Power outages can incur significant costs: lost data, diminished worker productivity, spoilage of perishable food, suspension of output and sales, disruption to critical services, and more. Understanding these potential costs can help facilities justify smarter investments in resilience.
Researchers at the National Renewable Energy Laboratory (NREL) are helping federal facility owners and resilience planners more easily estimate electric grid outage costs at their sites using the Customer Damage Function (CDF) Calculator—a free, publicly available resource funded by the U.S. Department of Energy’s Federal Energy Management Program (FEMP).
The CDF Calculator helps highlight facility outage vulnerabilities and estimates how costs vary with different power outage durations. It is the first step in determining the potential avoided costs associated with resilience investments. Users can calculate the monetary benefits of a redundant (backup) system, providing justifications for enhancing resilience and informing decision-making based on the cost of inaction.
NREL researcher and financial analyst Sean Ericson understands the value of resilience. “Decision-makers face many challenges and have limited resources to address them," he said. "Resilience research informs the decision-making process by highlighting which risks are most important to address.”
NREL researcher Nicholas Gilroy sees a compelling need for an accessible planning tool such as the CDF Calculator. “Agencies are looking forward to the future. At a site-based level, facilities can face unprecedented downtime. By illustrating cost and impact via the CDF Calculator, agencies can prioritize investments to mitigate risk and improve resilience," he said. "We developed a web-based tool that provides a responsive and modern interface to support federal decision-makers.”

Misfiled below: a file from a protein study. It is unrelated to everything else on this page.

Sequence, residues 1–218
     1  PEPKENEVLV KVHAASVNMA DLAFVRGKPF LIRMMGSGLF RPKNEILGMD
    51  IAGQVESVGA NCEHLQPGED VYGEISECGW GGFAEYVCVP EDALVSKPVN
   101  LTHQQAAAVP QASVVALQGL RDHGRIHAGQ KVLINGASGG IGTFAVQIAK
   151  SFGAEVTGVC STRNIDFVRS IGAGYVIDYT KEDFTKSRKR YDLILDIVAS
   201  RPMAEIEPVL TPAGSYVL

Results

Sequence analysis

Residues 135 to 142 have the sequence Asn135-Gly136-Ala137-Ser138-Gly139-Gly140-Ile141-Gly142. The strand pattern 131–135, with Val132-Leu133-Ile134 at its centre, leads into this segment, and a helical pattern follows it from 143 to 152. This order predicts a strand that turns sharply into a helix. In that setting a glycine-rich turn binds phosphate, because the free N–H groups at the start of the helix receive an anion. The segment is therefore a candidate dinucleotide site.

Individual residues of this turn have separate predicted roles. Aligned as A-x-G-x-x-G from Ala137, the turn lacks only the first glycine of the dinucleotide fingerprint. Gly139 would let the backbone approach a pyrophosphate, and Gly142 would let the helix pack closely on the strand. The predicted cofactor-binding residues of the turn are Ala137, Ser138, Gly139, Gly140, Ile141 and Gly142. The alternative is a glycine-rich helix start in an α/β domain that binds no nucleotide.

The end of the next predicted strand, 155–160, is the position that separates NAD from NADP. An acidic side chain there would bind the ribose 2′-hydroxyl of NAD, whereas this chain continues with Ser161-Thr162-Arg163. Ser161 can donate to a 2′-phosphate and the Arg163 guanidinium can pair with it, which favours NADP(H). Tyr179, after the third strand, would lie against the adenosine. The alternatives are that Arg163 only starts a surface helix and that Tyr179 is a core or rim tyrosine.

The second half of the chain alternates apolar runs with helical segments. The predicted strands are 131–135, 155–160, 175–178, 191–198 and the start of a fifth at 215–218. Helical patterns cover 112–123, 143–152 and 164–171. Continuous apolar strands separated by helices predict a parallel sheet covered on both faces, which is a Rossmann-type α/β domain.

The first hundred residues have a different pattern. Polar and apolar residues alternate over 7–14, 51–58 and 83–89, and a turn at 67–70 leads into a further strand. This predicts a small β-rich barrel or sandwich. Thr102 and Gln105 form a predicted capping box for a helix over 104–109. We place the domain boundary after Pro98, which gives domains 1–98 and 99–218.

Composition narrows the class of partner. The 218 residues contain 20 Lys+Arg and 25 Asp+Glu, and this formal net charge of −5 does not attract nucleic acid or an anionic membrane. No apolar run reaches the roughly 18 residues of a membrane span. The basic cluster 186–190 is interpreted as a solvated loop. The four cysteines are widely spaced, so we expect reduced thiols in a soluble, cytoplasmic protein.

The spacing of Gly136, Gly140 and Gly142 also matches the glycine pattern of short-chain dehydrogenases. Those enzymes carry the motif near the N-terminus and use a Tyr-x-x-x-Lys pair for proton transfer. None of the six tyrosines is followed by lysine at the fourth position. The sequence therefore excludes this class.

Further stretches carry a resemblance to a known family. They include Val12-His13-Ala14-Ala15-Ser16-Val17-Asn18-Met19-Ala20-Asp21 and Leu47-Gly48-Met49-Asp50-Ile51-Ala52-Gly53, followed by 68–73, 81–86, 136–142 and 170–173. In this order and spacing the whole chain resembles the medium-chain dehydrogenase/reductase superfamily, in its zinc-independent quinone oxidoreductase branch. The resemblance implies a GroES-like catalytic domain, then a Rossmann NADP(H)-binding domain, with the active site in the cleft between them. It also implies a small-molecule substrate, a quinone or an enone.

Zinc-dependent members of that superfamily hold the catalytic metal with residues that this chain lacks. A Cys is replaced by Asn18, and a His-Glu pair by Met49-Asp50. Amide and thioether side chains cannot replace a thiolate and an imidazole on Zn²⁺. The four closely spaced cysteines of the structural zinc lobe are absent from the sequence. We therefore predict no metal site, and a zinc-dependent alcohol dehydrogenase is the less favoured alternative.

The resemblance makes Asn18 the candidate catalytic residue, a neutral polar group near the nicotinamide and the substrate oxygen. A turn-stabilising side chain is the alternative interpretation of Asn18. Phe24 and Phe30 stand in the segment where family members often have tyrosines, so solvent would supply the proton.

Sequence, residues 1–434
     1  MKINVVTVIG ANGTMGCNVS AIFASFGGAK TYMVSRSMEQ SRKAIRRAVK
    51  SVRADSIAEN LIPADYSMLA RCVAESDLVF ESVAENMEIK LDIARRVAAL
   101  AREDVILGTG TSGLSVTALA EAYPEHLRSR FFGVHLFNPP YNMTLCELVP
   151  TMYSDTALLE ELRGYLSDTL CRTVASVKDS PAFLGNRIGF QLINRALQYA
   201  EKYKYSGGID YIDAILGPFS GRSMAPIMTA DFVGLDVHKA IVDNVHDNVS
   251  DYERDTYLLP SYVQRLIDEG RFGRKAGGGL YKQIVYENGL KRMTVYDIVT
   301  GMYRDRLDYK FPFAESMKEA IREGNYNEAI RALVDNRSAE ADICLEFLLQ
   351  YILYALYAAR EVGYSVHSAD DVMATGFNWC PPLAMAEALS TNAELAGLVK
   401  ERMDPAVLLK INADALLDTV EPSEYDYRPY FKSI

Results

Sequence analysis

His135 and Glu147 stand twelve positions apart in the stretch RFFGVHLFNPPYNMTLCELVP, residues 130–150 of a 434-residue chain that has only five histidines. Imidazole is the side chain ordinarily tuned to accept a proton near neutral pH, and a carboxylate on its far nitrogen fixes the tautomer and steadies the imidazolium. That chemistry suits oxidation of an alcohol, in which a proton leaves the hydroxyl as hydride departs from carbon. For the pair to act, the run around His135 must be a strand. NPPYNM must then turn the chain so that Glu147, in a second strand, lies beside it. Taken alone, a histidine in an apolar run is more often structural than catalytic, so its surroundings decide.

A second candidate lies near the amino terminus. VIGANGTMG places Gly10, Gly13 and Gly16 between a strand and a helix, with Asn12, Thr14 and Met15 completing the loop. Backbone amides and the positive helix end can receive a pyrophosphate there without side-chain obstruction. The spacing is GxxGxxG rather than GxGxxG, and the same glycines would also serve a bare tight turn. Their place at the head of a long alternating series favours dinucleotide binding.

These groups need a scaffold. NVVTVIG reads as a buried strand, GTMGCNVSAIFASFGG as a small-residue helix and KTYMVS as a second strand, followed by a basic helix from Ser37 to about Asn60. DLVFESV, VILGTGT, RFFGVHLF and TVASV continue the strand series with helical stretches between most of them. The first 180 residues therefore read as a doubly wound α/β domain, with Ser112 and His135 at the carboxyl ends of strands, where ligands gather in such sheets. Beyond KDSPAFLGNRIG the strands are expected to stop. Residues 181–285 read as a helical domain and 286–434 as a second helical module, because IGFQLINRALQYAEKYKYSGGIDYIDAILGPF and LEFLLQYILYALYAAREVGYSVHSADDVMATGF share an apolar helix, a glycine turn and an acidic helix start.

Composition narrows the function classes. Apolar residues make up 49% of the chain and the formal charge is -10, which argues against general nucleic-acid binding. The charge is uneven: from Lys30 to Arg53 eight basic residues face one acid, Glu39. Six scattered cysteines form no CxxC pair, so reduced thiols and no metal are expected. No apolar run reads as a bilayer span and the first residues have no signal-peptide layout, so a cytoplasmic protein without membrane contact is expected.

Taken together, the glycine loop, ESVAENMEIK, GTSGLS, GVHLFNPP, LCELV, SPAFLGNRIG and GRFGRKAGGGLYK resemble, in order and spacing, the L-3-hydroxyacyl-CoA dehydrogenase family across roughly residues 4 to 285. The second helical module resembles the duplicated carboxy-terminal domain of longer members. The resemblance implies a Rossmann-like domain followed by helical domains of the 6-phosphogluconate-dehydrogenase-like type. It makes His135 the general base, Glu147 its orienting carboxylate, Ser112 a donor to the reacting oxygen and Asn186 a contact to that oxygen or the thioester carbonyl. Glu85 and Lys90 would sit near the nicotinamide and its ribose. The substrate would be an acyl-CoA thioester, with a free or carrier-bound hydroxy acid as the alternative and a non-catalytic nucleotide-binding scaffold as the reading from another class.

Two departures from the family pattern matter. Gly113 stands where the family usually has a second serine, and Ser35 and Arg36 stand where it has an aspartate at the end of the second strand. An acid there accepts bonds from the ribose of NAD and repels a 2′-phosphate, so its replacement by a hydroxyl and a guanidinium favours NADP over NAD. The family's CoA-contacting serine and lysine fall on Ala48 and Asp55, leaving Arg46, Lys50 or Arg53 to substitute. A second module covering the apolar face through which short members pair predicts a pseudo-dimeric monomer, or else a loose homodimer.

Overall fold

FEMP director Mary Sotos said, “We look forward to working with other federal agencies to raise awareness of the CDF Calculator’s capabilities and helping agencies understand how resilience can be valued in facility planning and operations.”
Applications of the Tool
Although a variety of potential applications are possible, the CDF Calculator is primarily designed to help federal agencies address two use cases:
Federal Facility Decision Support: By illustrating cost and impact via the calculator, agencies can generate monetary values to justify investments in mitigation and resilience solutions that can help prevent or lessen the impact of a grid outage. These outage costs can help site or headquarters leadership champion resilience investments and help contracting officers think about resilience goals in distributed energy resource project procurement—just two examples of how the calculator can support federal energy decisions.
Screening Tool: The CDF Calculator is the first step in determining the potential avoided costs associated with resilience investments. Once a baseline of outage costs is identified, an organization can look to the REopt® web tool or the Technical Resilience Navigator tool to develop a risk-informed resilience framework for an entire site, campus, or installation, or to build out a specific potential solution, such as a microgrid.
Using the Calculator
The CDF Calculator web tool can be used by:
- Building owners, energy managers, and energy consultants seeking to understand the cost of impacts associated with a power outage at their site
- Utilities in understanding the costs of outages at customer sites
- Insurance industry experts estimating compounded costs of outages over time
- Researchers or procurement specialists investigating the economics and benefits of resilience investments.
How It Works
Input Facility Data: Enter general information and characteristics about the site being assessed. Provide details about total and critical electrical loads.
Estimate Costs: Estimate different types of outage costs (i.e., fixed, spoilage, and incremental) incurred by the facility for power outages of various durations.
Review the CDF: The calculator automatically populates results allowing for the adjustment of outage durations and frequencies based on the facility’s geographic location.